Well, it happened again. I missed the deadline for the annual1 holiday letter to friends and family. Happily, I’m still nearly a month ahead of schedule for a Groundhog Day message. So, if you’re tempted to proceed any further, consider yourself among the first to read my breathless (or is it, at age 75, out-of-breath?) recounting of all the exciting2 family-related events that took place in the course of Earth’s most recent circumsolar journey.3
For chronological significance, two events stand out. On Aug. 12, Sandra and I marked the 33rd anniversary of the day we met at Kilauea Caldera on the Big Island of Hawaii. One third of a century later, she has yet to throw me out! Remarkable patience!
A few days earlier, on Aug. 8, we celebrated our 32nd wedding anniversary. And a day later, Aug. 13, I hit 75 — an astonishing three quarters of a century. Funny … I’ve slowed down some, but I don’t really feel old. I guess 75 must be “the new 60.”
Sandra, who has long pegged me as a cradle robber, won’t catch up to the 75 mark for another couple of years. Despite her November birthday not being divisible by five, we celebrated it, like the milestones noted above, in traditional fashion — with a sumptuous dinner at one of our favorite restaurants.
Despite packing away a swarm of extra calories on these and several other noteworthy occasions during the year, I’ve managed to maintain my weight at around 195–200 pounds — down around 15% from a high of 230 in August 2018, when I forswore eating (well, almost — I stuck to about 1,200 well-balanced calories a day for months) in an effort to lose a few inches around my middle and improve my quality of life.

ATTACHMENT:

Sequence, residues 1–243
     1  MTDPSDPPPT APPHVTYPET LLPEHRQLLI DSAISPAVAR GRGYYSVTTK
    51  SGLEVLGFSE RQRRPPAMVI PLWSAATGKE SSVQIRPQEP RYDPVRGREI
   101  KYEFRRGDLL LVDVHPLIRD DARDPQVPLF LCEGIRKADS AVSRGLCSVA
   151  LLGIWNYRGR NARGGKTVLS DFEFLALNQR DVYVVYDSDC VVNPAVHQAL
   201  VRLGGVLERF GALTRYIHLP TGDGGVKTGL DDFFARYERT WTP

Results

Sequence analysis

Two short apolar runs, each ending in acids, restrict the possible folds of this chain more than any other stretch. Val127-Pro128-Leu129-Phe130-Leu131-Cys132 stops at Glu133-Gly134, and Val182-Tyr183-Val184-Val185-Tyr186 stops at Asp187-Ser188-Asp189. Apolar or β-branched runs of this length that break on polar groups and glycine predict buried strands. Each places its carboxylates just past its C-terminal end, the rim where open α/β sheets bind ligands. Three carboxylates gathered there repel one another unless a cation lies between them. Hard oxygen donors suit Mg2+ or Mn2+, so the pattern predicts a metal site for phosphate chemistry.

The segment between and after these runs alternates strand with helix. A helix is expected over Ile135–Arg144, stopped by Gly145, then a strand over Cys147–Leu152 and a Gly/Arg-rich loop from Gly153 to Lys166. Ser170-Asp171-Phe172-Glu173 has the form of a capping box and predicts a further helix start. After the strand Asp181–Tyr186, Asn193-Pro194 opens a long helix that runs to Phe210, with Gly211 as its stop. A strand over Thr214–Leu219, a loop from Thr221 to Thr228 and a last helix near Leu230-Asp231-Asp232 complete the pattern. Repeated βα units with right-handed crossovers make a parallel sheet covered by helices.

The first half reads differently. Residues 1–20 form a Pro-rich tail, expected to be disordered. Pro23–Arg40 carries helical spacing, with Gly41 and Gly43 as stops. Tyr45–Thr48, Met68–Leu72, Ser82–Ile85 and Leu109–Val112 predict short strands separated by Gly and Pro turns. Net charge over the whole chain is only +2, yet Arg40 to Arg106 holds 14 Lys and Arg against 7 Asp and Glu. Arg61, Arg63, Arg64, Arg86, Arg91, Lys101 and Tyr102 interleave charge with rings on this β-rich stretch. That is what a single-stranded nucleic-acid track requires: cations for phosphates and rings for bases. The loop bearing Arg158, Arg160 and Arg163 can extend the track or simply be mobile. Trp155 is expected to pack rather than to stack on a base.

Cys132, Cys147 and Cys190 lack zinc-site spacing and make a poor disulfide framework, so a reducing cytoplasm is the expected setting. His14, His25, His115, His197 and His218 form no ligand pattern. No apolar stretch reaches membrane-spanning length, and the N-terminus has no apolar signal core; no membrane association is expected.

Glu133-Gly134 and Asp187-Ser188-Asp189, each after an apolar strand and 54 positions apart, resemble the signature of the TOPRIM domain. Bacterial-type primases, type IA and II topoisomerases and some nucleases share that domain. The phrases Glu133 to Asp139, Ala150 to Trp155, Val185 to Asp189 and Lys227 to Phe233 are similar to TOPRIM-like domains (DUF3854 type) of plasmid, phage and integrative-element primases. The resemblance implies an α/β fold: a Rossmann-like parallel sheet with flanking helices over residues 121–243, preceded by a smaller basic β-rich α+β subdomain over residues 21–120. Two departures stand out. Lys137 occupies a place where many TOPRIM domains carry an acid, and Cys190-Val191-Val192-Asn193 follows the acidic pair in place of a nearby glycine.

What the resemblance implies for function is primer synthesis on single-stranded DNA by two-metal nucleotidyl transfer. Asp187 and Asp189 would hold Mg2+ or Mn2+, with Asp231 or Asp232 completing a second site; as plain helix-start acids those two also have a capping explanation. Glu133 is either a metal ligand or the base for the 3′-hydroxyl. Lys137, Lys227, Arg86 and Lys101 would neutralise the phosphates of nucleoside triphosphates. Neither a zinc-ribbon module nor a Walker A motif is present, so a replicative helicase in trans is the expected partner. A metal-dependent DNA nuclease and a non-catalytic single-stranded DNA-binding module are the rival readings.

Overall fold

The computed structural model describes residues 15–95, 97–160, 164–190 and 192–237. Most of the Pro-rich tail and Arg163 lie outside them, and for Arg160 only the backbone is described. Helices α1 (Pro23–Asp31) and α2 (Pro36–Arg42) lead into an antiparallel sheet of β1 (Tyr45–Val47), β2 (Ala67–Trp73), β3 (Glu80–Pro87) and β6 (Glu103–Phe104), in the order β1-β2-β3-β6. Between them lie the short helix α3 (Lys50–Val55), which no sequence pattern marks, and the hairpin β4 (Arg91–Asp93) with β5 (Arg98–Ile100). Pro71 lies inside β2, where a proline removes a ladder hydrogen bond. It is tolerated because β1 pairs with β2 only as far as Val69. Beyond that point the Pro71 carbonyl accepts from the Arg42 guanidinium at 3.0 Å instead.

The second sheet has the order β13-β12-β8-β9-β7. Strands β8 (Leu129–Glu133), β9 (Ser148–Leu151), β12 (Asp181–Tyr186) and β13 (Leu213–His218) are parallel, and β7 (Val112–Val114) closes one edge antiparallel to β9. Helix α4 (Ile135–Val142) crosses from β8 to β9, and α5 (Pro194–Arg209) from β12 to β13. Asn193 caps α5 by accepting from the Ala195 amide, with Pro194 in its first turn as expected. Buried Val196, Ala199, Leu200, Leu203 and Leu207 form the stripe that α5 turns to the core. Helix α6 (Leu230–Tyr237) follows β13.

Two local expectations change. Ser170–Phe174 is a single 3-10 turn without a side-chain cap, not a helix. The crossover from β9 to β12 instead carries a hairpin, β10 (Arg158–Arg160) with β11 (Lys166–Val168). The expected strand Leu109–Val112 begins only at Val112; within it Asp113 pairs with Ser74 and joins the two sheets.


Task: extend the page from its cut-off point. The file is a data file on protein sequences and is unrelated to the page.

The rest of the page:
In addition to eating more healthily, this past year I also began working with a personal trainer, Nick Cann, who has greatly strengthened me, making it a lot easier to climb stairs and get up off the floor. (More info in my Yelp review.) Nick also picked up where a terrific physical therapist left off in helping me regain most of my equilibrium following a highly disconcerting episode of “balance-nerve”-related vertigo.
For greater-than-calendar significance, two items stand out.